And just like that, my baby was at the party.  She was the center of attention, she wasn’t ignored.  She was just there.  May all my social outings be so easy.

Things I learned from Mabel’s second birthday

Don’t be afraid to ask for the support you need or want.  I dreaded last year’s birthday and was quite sad. This year I tried to think of something that would help me anticipate the day in better spirits. Throughout the year, people often send me photos of things they find with carrots, reminding me that they’re thinking of my baby. These little sentiments mean so very much to me, so I thought I’d see if I could concentrate them all in one day.

I am still vulnerable.  So. Very. Vulnerable. Yes, I may talk a lot about babyloss. In fact, I’ve made somewhat of a career out of it, with my nonprofit work and my midwifery interest in it.  However, I am still a grieving mom and a relatively new one at that. Two years is just a drop in the bucket. So I sam still sensitive to people’s remarks, or lack thereof. After some unanticipated and unwelcome commentary, I had a breakdown and found myself in a very dark place, thrown back to those early grieving days. It took some time to crawl out of that hole and even though I did, I was scarred.  The day was the slightest bit tainted.

I’m still figuring things out. Last year I encouraged random acts of kindness and had a little birthday party with cake. This year I asked for Carrot selfies and spent the day mostly by myself and had cake with just my husband.  I’m not sure what I’ll do in future years. But as I try things on, I’ll find what I like.

I miss my forever baby. Despite those early wishes, the world did not stop turning when my Mabel died. My life move forward too-my once empty arms are now filled and the constant ache has softened. But I still miss all five pounds, five ounces of my firstborn, chunky cheeks and all.

People are awesome. I asked and boy did I ever receive.  Dozens of people posted on facebook, on instagram, via email and text.  Others donated to Hope After Loss or St. Jude in her name. I was overwhelmed by the response.

Thank you- so very much.

Thanksgiving

My Nana died when I was 14. She gave me a suede brown shirt the year before she died. She taught me how to play poker. And she made the best eggs-on-a-raft (a toad in a hole, to others). She also hosted Thanksgiving for years and years. One holiday, the event was big enough that we divided up into two tables. Someone had the bright idea to have a lottery system; rather than dividing up into the sensible kids and adult tables, we all drew numbers, with most landing at the dining room table and a few unlucky souls ending up at the less desirable kitchen table. I scored a seat at the main table, but a great aunt was stuck in the kitchen. As we prepped and got ready for our seats, my dad pleaded and bribed me to swap seats with my elder relative. Little stinker that I was, I stubbornly refused. I must have seemed like an incorrigible kid, but really I just wanted to sit at the same table as my Nana. I would have sat in the kitchen easily if she was seated there too.

When my Nana got sick with cancer, she moved in with her daughter, my aunt, who took over Thanksgiving that year and has since hosted.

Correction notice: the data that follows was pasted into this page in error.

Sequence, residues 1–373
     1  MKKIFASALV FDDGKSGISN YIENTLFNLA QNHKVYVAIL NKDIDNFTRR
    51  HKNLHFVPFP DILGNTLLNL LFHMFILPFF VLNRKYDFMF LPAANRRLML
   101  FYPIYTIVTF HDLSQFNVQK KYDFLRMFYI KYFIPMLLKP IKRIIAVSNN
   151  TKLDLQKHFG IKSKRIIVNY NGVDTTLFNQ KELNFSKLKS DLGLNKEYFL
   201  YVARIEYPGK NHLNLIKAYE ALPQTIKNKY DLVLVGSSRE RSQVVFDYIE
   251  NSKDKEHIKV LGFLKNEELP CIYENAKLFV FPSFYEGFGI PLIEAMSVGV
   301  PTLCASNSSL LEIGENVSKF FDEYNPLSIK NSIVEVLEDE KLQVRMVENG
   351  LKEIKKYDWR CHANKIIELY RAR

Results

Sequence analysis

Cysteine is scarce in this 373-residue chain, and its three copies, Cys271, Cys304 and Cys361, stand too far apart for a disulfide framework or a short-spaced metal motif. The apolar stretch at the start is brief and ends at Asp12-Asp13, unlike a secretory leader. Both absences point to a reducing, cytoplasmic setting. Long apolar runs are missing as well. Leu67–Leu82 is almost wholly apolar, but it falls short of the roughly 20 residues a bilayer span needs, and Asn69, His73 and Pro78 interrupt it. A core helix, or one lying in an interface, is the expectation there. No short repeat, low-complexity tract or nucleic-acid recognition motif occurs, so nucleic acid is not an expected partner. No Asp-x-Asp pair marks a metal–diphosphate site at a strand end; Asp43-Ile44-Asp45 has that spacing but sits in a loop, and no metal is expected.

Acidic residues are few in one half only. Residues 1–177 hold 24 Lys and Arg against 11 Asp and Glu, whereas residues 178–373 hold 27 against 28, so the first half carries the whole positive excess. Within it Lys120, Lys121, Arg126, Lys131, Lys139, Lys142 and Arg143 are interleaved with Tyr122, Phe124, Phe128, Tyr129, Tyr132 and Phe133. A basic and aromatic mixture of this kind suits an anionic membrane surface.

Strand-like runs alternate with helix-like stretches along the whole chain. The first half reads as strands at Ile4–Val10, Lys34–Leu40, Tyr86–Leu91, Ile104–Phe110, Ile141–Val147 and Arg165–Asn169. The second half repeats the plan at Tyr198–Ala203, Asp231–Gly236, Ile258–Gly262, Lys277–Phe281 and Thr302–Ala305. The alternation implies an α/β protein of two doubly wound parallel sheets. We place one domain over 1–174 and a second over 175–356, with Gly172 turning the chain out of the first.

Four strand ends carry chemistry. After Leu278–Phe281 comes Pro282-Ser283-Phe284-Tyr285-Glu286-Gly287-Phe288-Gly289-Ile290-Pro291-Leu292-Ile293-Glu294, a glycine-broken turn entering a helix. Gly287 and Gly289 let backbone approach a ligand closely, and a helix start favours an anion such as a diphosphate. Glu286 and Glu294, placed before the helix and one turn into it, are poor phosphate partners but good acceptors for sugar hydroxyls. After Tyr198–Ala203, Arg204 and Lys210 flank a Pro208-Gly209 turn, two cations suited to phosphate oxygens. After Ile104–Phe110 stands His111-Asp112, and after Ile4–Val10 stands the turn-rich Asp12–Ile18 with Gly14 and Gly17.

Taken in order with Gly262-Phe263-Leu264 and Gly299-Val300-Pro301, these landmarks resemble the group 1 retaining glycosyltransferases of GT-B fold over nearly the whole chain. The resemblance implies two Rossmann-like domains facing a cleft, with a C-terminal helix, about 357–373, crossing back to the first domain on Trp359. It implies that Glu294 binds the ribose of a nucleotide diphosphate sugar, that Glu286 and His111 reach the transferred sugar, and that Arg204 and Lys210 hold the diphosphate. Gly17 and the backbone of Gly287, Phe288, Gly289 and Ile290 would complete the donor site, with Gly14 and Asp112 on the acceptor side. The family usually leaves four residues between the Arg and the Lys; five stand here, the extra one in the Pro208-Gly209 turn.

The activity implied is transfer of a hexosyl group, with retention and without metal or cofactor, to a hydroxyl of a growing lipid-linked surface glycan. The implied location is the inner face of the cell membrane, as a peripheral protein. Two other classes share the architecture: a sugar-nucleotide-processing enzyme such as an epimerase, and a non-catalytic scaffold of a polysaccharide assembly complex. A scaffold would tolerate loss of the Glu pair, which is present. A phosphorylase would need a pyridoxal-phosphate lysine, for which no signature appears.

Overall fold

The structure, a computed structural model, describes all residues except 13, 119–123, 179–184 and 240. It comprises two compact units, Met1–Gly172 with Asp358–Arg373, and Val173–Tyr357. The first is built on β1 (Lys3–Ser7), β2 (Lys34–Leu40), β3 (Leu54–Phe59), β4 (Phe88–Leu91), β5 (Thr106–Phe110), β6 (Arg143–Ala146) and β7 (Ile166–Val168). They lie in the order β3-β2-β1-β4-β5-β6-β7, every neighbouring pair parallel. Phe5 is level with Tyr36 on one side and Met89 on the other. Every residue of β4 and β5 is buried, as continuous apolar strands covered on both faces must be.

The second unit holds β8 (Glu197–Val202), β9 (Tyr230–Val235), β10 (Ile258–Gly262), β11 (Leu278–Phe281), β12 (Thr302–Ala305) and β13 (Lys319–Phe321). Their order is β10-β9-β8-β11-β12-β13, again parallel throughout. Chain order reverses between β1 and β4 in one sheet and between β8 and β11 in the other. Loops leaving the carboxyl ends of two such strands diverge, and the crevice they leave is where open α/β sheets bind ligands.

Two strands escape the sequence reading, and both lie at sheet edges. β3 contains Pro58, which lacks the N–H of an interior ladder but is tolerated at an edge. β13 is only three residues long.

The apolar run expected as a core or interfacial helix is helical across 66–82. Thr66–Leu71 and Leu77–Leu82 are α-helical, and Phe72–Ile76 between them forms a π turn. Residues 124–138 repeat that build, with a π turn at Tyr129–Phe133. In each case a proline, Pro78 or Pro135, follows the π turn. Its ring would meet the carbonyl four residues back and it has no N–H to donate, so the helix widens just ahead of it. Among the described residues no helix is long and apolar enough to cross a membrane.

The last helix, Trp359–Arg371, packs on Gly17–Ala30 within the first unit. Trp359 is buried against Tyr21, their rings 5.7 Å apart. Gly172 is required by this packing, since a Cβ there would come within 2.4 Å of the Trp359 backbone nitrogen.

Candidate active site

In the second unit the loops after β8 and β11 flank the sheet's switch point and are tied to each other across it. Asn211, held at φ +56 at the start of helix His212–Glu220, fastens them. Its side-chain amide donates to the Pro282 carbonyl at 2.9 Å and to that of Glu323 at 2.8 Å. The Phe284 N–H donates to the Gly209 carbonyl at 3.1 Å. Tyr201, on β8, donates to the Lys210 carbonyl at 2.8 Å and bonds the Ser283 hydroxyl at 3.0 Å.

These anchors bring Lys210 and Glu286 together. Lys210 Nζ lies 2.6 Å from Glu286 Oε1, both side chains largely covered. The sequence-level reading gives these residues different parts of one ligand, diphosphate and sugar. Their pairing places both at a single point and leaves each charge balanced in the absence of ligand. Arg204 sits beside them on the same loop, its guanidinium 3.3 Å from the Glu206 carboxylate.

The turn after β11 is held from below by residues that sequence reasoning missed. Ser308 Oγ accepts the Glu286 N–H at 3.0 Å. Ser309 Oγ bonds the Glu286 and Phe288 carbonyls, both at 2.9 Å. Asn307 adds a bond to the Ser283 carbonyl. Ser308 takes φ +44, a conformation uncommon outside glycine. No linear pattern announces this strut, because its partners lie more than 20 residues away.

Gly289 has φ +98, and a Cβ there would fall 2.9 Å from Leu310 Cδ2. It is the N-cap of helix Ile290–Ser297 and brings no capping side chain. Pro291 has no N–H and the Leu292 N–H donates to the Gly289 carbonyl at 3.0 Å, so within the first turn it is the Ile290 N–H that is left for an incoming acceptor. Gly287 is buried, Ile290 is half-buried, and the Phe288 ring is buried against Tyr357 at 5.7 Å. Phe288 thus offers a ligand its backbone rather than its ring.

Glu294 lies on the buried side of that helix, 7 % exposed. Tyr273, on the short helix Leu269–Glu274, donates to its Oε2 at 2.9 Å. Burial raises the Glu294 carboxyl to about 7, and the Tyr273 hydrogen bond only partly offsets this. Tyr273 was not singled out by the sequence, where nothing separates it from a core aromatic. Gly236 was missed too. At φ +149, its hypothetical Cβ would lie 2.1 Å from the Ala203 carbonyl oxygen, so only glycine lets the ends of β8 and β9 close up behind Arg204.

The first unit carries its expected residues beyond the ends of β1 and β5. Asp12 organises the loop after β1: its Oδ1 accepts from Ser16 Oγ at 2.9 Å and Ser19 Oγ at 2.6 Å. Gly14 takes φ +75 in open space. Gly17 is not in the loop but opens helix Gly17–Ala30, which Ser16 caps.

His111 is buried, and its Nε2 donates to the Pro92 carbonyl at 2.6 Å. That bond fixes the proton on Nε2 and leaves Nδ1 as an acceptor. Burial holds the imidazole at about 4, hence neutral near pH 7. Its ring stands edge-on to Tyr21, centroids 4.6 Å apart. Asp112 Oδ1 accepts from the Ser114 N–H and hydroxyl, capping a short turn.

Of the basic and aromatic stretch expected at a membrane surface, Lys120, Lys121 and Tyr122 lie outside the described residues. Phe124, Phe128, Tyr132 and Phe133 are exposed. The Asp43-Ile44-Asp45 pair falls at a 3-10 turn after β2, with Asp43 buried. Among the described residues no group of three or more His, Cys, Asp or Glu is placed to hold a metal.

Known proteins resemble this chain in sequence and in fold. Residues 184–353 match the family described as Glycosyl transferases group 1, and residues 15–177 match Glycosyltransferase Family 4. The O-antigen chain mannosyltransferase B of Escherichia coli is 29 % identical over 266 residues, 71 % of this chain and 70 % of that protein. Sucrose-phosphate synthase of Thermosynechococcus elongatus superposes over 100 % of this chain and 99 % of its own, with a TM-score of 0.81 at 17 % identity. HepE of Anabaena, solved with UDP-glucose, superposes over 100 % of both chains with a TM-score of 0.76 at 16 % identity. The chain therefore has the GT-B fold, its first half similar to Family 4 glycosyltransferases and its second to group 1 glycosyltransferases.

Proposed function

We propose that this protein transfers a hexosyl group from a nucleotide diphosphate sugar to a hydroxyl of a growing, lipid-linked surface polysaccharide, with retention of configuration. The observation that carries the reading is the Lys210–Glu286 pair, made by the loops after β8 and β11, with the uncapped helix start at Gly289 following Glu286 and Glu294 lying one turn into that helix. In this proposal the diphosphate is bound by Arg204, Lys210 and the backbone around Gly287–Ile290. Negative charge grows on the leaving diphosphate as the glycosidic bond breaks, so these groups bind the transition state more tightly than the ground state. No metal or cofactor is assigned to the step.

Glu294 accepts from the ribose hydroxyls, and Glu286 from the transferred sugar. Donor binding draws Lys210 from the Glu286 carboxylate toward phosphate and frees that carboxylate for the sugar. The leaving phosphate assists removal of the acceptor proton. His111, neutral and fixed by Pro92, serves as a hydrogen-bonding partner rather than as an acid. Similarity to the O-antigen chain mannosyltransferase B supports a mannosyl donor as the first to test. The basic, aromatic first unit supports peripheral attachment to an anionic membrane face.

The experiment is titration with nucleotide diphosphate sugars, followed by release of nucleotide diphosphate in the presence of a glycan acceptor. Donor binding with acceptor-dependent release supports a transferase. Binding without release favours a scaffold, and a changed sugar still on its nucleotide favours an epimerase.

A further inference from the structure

Today is a day when we are supposed to be outwardly thankful, announcing our gratitude frequently and publicly. I have spent the past nine months working hard on finding gratitude on a daily basis- today I’m taking a break. It’s not that I’m not grateful-I have so much to be thankful for- health, family, friends, work- but I’m feeling rather melancholy. I woke up thinking of my Nana. I made myself an egg on a raft in her memory.

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Mabel is of course on my mind. This time last year I was pictured attending the next year’s Thanksgiving with a baby. She’d be wearing little leg braces for her clubbed feet and would be still working on eating solid foods. I was optimistic, but realistic. Today, after some debate, I will attend my family’s Thanksgiving. It will be hard, as I go through the motions of living out the next holiday without my baby.

Every action today is a reminder that my baby is not here. I will go be with relatives whose lives have moved on while mine has stood still. I’ve debated skipping to simply avoid the pain, the memories and the reminders- but there are some things I have to face and it’s time. If it’s too much, I’ll simply leave. For now I’ll focus on the good food in my near future. I look forward to the carrots my mom makes every year.

My therapist said it best as we said our goodbyes last week- I hope you have the best Thanksgiving you can.

What is Thanksgiving like for you today?

Day 9: In Memory

“Is this new?” my acupuncturist asked looking at my tattoo as he placed tiny needles into my foot.

“Yes.”

“You  must really like carrots,” he said with a chuckle.

“It’s for my daughter.  When I was pregnant with her, we used to call her out little Karate Carrot.”

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I love that my memorial is subtle, requiring a little explanation.  I’m grateful that we came up with a nickname for her that stuck and is real-world enough that I get to see reminders of her from time to time.

***

“Why do you have a carrot necklace?” the daughter of my friend asked.

“I had a baby who died and we used to call her our Karate Carrot.”

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***

“What’s with the carrots?” the little boy asked.  We were seated around a large round table, drawing on small index cards.  Taken together they would fill up a mural in a Mother’s Day remembrance activity for the babylost.  He was drawing something for his little brothers, twins gone too soon.  Chris and I were each drawing carrots in our own way.

“We used to call our daughter Mabel our Karate Carrot.”

“Hah! That’s funny.  A carrot doing karate.”

I smiled.

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#CaptureYourGrief

 

 

 

While I was grieving

“Wow!” He was amazed at the vegetable plants I was showing him.   “When did you do all this?”